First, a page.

Reliable Cheese Class: Cheese 101

I love eating cheese, but I consume it mostly in ignorance; I hardly know anything about it.  As with wine, coffee, or chocolate, jumping in to the world of cheese can be intimidating – there are just so many different kinds.  How does one know what’s good?  Where does one even begin?  A great starting place would be at Reliable Cheese Co., a small cheese shop in downtown Durham.  The area’s only European-style cheese counter, this place features a great selection of products, an uber-knowledgeable and friendly cheesemonger (Patrick Coleff), and, for the novice or the aficionado, cheese classes.  

These are not cheese-making classes, which might entail hours of just standing around waiting, but cheese enjoyment classes, where you can learn about the basics, or about cheeses from certain countries, or about pairing cheese with other ingredients.  You get a healthy dose of in-depth knowledge of the products and yeah, you get to eat a bunch of cheese.   Sounds like a fun time to me!

As neophytes, we recently attended Reliable’s most popular class, Cheese 101.  I didn’t really know what to expect, but it was great.  There was a group of about a dozen of us, seated around some wooden tables at the back of the shop.  The tables were set simply with carafes of water, baskets of sliced fresh crusty bread, and, for each person, a small plate of 6 different cheeses, artfully arranged.  Patrick lectured professorially for a while about the process of cheese-making, including a good deal of scientific detail, and then, as the tasting began, we discussed the various types of cheeses and their qualities.  We tried:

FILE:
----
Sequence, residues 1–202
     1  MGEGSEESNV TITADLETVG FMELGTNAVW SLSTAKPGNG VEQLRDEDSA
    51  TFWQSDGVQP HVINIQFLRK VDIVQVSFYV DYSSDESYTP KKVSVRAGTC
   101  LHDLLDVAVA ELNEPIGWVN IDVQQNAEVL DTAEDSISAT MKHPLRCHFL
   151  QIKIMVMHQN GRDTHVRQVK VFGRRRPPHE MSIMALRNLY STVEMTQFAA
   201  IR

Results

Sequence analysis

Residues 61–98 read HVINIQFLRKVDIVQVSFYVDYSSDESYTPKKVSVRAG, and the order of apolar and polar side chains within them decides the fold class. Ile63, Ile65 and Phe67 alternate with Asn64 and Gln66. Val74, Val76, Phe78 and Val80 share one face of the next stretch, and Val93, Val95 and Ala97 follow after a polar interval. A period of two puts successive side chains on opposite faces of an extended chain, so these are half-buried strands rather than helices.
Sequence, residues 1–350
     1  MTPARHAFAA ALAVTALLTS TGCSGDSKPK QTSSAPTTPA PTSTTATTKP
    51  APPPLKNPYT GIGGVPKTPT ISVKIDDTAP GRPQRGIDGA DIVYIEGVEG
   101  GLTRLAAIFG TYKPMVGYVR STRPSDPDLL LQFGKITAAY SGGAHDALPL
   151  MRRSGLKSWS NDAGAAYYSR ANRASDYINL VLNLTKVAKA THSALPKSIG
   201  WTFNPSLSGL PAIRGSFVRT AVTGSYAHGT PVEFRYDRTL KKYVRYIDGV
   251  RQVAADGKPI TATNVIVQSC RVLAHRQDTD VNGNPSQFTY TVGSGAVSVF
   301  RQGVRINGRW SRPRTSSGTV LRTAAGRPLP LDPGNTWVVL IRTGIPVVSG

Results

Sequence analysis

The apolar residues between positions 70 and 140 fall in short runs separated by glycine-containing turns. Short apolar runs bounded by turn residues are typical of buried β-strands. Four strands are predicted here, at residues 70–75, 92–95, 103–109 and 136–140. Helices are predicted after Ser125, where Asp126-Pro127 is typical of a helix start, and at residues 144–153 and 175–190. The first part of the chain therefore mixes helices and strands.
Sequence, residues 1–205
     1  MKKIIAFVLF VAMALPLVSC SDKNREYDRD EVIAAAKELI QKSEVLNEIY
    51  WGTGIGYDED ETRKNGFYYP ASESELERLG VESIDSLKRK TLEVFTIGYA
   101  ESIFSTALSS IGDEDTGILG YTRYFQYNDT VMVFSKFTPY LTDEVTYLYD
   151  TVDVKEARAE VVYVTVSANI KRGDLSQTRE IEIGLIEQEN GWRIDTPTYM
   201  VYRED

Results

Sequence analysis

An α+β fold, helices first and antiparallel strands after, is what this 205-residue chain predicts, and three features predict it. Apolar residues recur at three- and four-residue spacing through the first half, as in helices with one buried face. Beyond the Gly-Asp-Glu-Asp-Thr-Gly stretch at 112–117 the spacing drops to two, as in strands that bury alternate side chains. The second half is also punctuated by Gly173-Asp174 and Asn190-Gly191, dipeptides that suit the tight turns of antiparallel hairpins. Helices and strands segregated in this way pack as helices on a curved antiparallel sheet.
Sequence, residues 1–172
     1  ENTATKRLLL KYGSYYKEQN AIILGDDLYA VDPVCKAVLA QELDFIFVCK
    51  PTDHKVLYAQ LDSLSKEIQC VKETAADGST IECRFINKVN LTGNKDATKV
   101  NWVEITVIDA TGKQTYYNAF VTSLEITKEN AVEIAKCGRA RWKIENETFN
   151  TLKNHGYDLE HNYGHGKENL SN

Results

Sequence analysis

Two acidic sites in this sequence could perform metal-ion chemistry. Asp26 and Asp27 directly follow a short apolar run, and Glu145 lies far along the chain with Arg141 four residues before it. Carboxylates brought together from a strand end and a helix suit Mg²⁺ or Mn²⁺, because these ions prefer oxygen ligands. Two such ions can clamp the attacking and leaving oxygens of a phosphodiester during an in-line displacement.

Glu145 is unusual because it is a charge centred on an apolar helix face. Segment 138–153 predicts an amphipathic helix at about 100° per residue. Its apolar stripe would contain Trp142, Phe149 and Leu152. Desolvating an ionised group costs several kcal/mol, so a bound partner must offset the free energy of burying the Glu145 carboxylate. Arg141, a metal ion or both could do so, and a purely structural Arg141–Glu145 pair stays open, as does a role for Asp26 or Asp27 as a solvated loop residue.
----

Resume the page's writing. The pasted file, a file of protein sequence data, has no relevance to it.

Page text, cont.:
• Fresh chevre (Vermont) – soft, pillowy, and buttery
  • Crottin (North Carolina) – lighty aged goat cheese with a bit more punch
  • Grayson (Virginia) – a “smelly” soft cheese similar to Taleggio
  • Roncal (Spain) – kind of like manchego or pecorino romano
  • VintageVan Gogh (Wisconsin) – an aged gouda
  • Valdeon (Spain) – delicate, complex blue cheese

I really tried to pace myself with the bread and cheese (as we were planning on going to eat afterwards), and felt a little bad for not finishing all of it, but, if I had gone for it all, it would have almost been enough for a light supper.  

Finally, Patrick talked about storing and serving cheese before concluding and offering us 10% off of anything in the store.  I spotted some good-looking buffalo mozzarella and some gourmet meats that I hope to come back for.  And I’ll have to return, because, after learning a bit about cheese, and trying some of the good stuff, I think I’m ready for Cheese 201!

Review: Sandwhich (Chapel Hill, NC)

image courtesy of taylortakesataste.com

You can get a sandwich at a lot of restaurants, but an excellent spot that features sandwiches can be hard to come by.  Leaving out for the time being delis and sub shops (though those have their merits), I’m thinking here of those gourmet cafes that feature fabulous crusty breads, fine meats, cheeses, and produce, and interesting and tasty side items.  Chapel Hill’s Sandwhich is one place that aims to fit this bill.

Situated next to the McDonald’s on Franklin Street, the space is surprisingly sleek and refined on the inside, with dark wood tables and subtle lighting.  Open shelves are stacked neatly with chunky white plates and fancy Moroccan-looking teapots.  It’s a sophisticated feel for a casual restaurant.  After you place your order at the counter and help yourself to a drink, the unfailingly friendly staff will bring it to your table.  Each sandwich is served on a small jelly-roll pan covered with a sheet of parchment, with side items presented in diverse ways: roasted beets in an elegant porcelain cup, fries in a red-and-white checkered paper cone, chips in their own little bag.

The Moroccan theme carries over in subtle ways on the menu – the house special iced tea (with mint and sage), spicy harissa ketchup, a carrot salad garnish.  Other than that, the hot and cold sandwich offerings range from the straightforward (burgers) to the inventive (corn, cremini, bacon, and blue cheese on sourdough).  These are accompanied by a nice selection of side items, priced a la carte.